Stealing is not only physically robbing another's possessions, but it is also taking advantage of other people. Luther was very concerned about unjust business practices, His comments particularly challenge us today, since we live in a culture built on a free-market economy and generally agree that nay price charged to people is morally acceptable. On the other hand, Luther points out how working people also steal from their employers by not giving a full day's work for a full day's pay. Though written over 475 years ago, Luther's comments on the Seventh Commandment are amazingly relevant and timely, and they point out the biblical distinction between the two kingdoms. For example, toward the end of the discussion on the Seventh Commandment in the Large Catechism, Luther wisely notes that the duty of the Church is to reprove sin and teach the Word of God. It is the duty of governing authorities to restrain lawlessness. The Church, as a spiritual institution, does not order society or enact societal laws; this is solely the duty of the government.
Luther had been married for almost four years when he wrote the Large Catechism. His former life as a monk makes his comments on the Sixth Commandment all the more interesting and powerful. Luther keenly discerns that chastity is not a matter of vowing to live a celibate life, but of honoring God and one's spouse with one's whole being: thoughts, words, and actions. Marriage should be cherished and honored as a divine estate. God created this institution before all others and blessed it above all the rest; and since he brings children into the world through it, he provides all other estates for its support and benefit. Luther condemns forced celibacy within the Roman Church, but recognizes that God does exempt some from married life, either because they are unsuited to it or because they possess the supernatural gift of chastity. For Luther, God intended marriage not only to prevent sin, but also as a means by which husbands and wives love and cherish each other. Marriage is a precious good work far superior to the contrived spiritual estates of monks and nuns.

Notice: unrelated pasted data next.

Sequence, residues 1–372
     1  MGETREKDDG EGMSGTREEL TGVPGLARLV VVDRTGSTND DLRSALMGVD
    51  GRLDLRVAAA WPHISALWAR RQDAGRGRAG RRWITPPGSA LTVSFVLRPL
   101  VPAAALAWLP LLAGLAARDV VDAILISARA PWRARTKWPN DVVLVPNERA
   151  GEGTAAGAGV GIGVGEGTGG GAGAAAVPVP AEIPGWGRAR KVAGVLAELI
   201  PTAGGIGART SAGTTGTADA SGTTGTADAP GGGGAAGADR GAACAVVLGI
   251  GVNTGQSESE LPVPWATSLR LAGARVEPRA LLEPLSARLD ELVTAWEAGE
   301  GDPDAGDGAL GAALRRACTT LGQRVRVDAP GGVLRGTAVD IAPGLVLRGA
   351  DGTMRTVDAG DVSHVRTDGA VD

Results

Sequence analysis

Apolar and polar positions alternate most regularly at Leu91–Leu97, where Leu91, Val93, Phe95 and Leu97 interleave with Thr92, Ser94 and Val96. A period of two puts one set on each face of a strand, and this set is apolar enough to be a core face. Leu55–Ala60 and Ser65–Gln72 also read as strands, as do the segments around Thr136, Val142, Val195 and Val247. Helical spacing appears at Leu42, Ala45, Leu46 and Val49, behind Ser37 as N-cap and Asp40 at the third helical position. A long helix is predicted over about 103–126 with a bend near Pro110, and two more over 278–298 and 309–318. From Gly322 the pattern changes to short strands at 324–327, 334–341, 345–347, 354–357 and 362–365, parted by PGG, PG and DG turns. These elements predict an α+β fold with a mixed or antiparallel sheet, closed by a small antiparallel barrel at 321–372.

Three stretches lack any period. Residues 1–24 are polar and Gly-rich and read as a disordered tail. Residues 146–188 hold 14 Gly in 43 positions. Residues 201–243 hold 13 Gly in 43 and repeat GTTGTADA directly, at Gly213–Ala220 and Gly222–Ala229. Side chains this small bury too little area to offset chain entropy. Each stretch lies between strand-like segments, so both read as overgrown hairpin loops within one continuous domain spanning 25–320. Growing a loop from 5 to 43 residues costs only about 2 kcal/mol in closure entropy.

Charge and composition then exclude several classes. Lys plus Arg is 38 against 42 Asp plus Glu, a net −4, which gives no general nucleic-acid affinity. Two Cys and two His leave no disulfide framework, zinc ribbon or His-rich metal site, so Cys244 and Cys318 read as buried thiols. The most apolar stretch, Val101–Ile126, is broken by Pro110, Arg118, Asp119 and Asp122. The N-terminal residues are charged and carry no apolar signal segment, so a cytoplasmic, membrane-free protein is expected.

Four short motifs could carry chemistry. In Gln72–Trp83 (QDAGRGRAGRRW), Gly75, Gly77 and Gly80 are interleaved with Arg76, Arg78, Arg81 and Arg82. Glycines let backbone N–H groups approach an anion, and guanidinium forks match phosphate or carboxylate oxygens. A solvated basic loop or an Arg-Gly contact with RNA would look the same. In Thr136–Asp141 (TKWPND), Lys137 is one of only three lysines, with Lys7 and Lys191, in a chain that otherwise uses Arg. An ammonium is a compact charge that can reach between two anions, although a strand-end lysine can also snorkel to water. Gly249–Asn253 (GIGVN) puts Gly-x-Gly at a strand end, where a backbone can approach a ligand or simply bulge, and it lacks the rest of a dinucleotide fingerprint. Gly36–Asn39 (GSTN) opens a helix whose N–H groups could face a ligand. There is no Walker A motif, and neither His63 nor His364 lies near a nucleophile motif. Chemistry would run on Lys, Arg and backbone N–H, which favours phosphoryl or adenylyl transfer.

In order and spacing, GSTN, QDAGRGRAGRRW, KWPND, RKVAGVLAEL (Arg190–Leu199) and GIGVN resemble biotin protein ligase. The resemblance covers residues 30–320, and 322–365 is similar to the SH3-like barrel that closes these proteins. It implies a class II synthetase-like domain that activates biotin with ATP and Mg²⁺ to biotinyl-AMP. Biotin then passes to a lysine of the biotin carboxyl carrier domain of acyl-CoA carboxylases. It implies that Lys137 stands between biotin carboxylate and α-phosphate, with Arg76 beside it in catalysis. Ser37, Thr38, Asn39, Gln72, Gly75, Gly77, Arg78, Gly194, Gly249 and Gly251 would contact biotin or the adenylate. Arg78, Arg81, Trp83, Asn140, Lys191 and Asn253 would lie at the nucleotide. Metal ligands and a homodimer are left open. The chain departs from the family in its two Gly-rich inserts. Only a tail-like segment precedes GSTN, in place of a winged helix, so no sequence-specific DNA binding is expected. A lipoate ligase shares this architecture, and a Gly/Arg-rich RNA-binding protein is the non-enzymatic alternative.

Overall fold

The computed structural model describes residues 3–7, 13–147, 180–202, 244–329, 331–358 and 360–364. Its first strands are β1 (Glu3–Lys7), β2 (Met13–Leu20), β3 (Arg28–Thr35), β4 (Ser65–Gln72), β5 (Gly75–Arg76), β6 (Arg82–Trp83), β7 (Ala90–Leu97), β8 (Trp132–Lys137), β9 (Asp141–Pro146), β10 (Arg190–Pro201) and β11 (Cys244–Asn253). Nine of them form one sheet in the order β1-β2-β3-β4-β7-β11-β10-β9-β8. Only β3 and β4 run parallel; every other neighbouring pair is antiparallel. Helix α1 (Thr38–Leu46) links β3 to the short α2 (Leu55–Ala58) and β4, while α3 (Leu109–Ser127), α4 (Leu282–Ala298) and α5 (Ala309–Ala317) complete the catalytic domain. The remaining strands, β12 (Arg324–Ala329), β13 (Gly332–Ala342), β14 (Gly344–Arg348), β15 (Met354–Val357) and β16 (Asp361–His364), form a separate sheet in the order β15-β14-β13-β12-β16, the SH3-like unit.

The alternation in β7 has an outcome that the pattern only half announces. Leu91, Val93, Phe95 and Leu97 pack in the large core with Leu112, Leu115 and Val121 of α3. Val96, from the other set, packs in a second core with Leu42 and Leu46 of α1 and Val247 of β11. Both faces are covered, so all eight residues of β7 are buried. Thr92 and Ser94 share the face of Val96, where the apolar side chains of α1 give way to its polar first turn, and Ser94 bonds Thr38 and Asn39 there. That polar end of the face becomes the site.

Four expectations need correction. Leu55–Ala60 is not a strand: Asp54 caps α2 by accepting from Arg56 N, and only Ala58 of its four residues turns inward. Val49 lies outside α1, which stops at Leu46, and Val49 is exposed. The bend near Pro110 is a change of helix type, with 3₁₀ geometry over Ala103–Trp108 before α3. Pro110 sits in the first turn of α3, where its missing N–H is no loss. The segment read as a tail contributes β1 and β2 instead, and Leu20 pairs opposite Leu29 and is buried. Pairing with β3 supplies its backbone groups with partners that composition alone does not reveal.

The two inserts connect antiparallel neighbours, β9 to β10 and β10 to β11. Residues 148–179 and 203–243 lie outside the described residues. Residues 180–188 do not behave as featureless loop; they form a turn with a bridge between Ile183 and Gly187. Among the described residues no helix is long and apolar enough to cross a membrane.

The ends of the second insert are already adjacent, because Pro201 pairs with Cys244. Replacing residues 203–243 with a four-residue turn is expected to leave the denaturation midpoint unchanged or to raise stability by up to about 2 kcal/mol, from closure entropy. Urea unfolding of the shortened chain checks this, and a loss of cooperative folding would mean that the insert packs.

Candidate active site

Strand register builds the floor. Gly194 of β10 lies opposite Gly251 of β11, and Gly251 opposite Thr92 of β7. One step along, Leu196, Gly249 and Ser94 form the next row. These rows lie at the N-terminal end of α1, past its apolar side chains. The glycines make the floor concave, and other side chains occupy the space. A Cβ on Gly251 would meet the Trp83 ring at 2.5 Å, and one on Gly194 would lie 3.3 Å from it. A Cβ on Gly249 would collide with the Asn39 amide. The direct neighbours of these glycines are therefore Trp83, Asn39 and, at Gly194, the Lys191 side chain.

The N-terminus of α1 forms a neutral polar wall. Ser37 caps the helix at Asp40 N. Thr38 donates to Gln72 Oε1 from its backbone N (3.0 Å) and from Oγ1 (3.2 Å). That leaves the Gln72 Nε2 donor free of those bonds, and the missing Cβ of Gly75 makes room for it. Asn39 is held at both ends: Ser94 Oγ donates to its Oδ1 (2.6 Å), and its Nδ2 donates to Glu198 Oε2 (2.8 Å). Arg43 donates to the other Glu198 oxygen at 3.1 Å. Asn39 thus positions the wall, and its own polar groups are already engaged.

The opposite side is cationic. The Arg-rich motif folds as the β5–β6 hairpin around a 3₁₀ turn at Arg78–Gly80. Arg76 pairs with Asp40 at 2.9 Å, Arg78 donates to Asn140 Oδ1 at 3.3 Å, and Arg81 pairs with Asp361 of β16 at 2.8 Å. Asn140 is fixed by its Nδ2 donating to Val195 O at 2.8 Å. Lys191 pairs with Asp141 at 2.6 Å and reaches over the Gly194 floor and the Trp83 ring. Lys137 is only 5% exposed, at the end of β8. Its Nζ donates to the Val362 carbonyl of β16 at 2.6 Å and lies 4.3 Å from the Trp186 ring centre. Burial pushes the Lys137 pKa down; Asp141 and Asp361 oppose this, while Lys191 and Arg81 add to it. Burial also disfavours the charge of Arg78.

Luther distinguishes between spiritual and civil government and authority, which we commonly refer to as the doctrine of the two kingdoms. God takes care of us in the Church through the ministry of the Word and Sacraments, the Means of Grace. In our homes he cares for us through our parents. In the world, he cares for us by means of civil government. God gives to the civil government the authority to punish criminals and, when necessary, to execute them. The spiritual meaning of this commandment is that we are not to "kill" our neighbor in our hearts, with our thoughts, with our words, or with our hands. No one has the right, on his or her own authority, to murder another person. Only God may take a human life, and he entrusts this authority to civil rulers. So Christians can in good conscience wage war and punish and execute criminals under rightful government authority. Luther goes on to explain that we break the Fifth Commandment not only by acting against it, but also when we fail to protect our neighbor.
The believer prays boldly. The Prayer of the Day beautifully centers worship for this Sunday: God’s ears are open; let us then boldly ask for the blessings he promises. Today we focus especially on the Seventh Petition of the Lord’s Prayer which calls for our heavenly Father to “Deliver Us From Evil.” Today we will explore what Jesus meant by that and how it applies to our lives.